Facebook's customizable "Say Thanks" videos are a terrible way to thank someone.

Facebook’s Customizable “Say Thanks” Videos Are a Terrible Way to Thank Someone

Facebook’s Customizable “Say Thanks” Videos Are a Terrible Way to Thank Someone

Future Tense
The Citizen's Guide to the Future
Nov. 12 2014 6:39 PM

Facebook’s Customizable “Say Thanks” Videos Are a Terrible Way to Thank Someone

saythanks
You can customize a “Say Thanks” video on desktop or mobile.

Image from Facebook

With 1.35 billion users, Facebook is sitting on a mountain of data. In February, as an idea that came out of its 10th anniversary, the company started offering customizable “Look Back” videos that populated a heavily designed, slide show-type thing with photos froms users’ personal data troves. At the time Facebook hinted that it wanted to create other user data-driven projects. Today the company unveiled “Say Thanks.”

This new type of video is all about expressing gratitude to “a close friend, your significant other, a relative, a coworker, an old friend—or anyone else in your life who you’d like to celebrate.” As Facebook says in its announcement, “Your friends are at the core of your Facebook experience, and we are always looking for new ways to help you celebrate those friendships.”

But the problem with “Say Thanks” is that it’s really not a good way to say thanks. It’s true that thank-you notes have been placed in a strange purgatory by remaining in the physical realm of paper and pen, but it may be because saying thank you feels like it means more if someone put in effort beyond just typing a quick email or text. As Julia Turner once wrote in Slate, “The thank-you note ... is a difficult form, only slightly less tricky than the villanelle. The smallest notecard can seem a yawning canvas and reduce even the best writer to adverbs and redundancies.”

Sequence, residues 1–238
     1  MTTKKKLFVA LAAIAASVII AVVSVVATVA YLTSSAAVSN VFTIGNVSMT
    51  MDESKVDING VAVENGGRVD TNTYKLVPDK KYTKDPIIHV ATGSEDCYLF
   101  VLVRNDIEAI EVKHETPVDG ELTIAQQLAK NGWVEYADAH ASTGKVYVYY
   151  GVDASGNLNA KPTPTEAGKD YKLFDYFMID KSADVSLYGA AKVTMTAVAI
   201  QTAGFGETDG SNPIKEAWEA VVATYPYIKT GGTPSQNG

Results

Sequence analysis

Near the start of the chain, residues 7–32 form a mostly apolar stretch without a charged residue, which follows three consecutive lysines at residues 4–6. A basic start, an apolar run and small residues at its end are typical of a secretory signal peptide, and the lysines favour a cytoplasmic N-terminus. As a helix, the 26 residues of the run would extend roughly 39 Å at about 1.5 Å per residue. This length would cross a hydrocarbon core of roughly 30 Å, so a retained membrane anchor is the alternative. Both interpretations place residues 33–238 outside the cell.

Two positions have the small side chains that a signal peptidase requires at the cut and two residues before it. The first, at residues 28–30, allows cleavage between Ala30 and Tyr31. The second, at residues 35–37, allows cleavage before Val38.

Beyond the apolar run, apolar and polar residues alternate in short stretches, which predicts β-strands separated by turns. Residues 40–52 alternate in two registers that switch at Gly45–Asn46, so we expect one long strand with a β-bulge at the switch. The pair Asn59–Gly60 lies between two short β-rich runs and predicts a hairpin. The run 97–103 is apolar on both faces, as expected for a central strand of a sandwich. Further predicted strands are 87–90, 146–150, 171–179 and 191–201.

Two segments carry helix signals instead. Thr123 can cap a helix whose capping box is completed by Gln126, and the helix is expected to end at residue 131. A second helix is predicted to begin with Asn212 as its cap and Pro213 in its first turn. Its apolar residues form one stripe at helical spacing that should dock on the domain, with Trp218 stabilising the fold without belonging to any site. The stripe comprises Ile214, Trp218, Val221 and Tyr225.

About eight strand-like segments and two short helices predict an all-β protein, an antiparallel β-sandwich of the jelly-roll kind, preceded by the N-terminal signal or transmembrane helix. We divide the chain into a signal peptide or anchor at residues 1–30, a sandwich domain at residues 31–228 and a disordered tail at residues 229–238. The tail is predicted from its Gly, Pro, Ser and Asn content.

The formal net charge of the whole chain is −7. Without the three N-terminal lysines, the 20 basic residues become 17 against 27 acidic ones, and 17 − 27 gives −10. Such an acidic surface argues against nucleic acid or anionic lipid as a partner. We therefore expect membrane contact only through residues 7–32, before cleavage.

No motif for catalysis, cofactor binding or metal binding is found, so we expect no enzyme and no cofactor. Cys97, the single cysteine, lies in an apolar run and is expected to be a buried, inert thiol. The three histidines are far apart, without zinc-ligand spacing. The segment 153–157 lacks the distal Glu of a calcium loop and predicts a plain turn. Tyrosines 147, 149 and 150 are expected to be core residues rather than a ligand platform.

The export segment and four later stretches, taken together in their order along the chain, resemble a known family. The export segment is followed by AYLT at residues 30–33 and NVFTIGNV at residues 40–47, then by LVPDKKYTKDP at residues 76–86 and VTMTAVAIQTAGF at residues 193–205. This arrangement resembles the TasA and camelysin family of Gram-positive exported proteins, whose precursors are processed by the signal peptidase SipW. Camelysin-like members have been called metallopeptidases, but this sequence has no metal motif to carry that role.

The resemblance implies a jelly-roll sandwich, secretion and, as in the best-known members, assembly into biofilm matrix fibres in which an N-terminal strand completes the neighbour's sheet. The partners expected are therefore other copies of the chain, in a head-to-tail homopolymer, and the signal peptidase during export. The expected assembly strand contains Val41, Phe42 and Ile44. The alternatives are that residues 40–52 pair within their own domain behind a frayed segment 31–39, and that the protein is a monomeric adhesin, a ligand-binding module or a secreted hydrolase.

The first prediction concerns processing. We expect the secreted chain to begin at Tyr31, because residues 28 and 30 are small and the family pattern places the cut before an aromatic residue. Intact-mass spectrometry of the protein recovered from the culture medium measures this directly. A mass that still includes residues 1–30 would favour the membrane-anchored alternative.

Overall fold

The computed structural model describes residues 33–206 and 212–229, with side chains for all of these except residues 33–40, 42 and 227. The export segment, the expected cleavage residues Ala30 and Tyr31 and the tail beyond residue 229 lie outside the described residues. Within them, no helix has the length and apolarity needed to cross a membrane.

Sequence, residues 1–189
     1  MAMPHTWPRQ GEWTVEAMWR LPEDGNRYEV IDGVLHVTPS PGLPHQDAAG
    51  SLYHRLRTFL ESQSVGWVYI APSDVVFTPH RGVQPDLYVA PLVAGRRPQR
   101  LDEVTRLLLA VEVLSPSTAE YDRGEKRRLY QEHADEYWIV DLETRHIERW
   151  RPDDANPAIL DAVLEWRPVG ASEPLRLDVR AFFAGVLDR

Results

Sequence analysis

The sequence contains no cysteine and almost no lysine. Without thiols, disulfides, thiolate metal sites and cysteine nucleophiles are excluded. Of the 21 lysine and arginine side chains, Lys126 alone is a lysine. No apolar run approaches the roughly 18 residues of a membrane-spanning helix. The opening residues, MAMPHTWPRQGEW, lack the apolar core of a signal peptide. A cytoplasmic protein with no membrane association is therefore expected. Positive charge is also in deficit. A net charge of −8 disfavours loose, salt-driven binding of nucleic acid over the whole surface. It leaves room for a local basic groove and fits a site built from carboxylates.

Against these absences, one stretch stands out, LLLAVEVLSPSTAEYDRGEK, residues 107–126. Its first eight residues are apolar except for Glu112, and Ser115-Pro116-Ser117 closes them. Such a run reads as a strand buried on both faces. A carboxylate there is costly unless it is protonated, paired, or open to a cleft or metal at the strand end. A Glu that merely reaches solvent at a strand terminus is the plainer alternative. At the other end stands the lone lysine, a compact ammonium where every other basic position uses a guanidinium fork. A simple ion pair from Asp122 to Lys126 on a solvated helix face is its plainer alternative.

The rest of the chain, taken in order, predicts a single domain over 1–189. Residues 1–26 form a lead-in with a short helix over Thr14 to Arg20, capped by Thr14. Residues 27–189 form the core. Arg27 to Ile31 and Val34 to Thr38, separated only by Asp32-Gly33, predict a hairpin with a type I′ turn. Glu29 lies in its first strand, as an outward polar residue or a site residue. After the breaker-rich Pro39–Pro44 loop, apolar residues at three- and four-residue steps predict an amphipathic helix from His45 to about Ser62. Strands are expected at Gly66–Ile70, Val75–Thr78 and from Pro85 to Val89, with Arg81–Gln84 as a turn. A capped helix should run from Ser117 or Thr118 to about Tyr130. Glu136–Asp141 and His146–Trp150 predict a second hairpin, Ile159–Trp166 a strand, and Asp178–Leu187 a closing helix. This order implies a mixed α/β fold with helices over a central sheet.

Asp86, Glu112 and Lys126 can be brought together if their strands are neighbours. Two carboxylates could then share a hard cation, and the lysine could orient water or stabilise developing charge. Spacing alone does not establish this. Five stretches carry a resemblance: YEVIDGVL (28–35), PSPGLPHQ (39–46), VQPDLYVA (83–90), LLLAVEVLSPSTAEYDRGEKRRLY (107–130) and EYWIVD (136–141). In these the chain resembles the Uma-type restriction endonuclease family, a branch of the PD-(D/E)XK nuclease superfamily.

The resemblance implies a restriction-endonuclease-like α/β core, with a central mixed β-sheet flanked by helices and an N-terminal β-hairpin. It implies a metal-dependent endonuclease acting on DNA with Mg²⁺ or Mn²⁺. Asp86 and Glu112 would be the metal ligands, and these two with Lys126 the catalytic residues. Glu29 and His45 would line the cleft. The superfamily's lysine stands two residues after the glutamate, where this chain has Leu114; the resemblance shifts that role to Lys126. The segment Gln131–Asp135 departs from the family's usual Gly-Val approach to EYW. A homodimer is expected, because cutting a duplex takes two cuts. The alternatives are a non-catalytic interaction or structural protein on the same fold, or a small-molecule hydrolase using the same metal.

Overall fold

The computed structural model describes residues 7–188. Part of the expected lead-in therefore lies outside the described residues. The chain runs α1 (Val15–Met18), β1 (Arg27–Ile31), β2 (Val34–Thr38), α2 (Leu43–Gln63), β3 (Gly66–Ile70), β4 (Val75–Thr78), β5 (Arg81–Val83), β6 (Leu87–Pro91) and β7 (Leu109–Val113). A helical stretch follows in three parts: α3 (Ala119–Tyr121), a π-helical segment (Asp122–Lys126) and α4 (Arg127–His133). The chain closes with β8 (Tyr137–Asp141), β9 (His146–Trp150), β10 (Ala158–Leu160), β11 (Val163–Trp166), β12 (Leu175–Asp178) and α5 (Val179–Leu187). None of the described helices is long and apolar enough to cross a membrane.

The fact that society still values written thank-you notes doesn’t mean that a heartfelt digital thank-you isn’t possible. But, as you can see above, “Say Thanks” is just an amalgam of everything that’s impersonal about digital gratitude. It’s full of clichés like thanks “for the good times we’ve had” and for “being a friend.” And even with the personal images, the background graphics make the videos seem more like Facebook proper than an intimate mode of communicating gratitude to a friend.

It’s hard to say what we really feel, and when people make “Say Thanks” videos they will presumably be doing it for the right reasons. But it’s one thing to wish someone a happy birthday on Facebook, and another altogether to call them, write them, or see them on that day. “Say Thanks” has the same limitation.

Future Tense is a partnership of SlateNew America, and Arizona State University.

Lily Hay Newman is a staff writer and the lead blogger for Future Tense.